In its essence, Supreme is a non-interactive video game. We made it using tools which will be familiar to any small independent team making a game: Unity for our game engine, Blender for 3d modeling and animation, Photoshop for creating and editing textures, Ableton for sound design and Wwise as our real-time audio engine.
Supreme is designed to be presented in a gallery or art space as part of a scenographic art installation, as seen in the photo above from an exhibition in Arles, France. It is presented as a diptych on two 4K displays with stereo sound on speakers. The scenography can change from venue to venue, but the basic setup remains the same.
Here is an encounter with the World Beast in a booth at ArtVerona 2021:
Photo by: Virginia Bianchi
Symbiotic Soundscape - The Song of the Beast
The worlds that we make as Xenoangel are non-linear. In most cases, they don’t have an obvious start or end point, and it is the characters themselves which determine which actions they will undertake and when they will do them. Because of this, we have to design the soundscapes for the world to also be non-linear. The way we usually try to achieve this is to set up an audio pipeline which is principally sample-based and can be re-orchestrated and mixed with real-time effects in the audio engine.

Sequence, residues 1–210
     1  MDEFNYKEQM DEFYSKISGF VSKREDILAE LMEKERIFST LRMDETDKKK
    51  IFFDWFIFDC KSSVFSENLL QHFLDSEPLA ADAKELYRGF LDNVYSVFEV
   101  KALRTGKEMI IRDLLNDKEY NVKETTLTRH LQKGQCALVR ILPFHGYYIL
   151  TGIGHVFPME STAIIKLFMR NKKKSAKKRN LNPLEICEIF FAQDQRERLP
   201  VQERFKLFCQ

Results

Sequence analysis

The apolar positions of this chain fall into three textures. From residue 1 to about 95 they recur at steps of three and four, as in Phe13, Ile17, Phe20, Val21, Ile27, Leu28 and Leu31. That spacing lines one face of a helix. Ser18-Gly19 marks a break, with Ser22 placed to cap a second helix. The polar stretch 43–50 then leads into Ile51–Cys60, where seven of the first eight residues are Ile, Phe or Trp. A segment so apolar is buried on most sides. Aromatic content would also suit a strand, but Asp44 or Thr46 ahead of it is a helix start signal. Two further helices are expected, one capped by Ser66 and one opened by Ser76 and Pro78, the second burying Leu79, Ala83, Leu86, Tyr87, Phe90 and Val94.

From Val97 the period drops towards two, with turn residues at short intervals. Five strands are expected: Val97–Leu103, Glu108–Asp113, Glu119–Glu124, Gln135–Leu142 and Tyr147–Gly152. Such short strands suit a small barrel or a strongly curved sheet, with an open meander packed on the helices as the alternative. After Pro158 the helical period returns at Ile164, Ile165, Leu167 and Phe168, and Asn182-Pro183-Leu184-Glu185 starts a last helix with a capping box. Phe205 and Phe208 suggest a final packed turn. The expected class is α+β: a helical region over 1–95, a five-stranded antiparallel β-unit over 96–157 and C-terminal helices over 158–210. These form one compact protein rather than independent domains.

An important element of Supreme is a symbiotic soundscape which is determined by a Call & Response style interaction between the World Beast and the Critters:
The World Beast periodically sings. It is a guttural growl which is often rumbling in the sub frequencies of the audio. When Supreme sings, each of the Critters try to respond. Supreme is expecting a certain rhythmic response and the Critters try to learn this rhythm over time using a neural network/genetic algorithm. As they get closer to the expected rhythm, their Synchronicity with their world increases.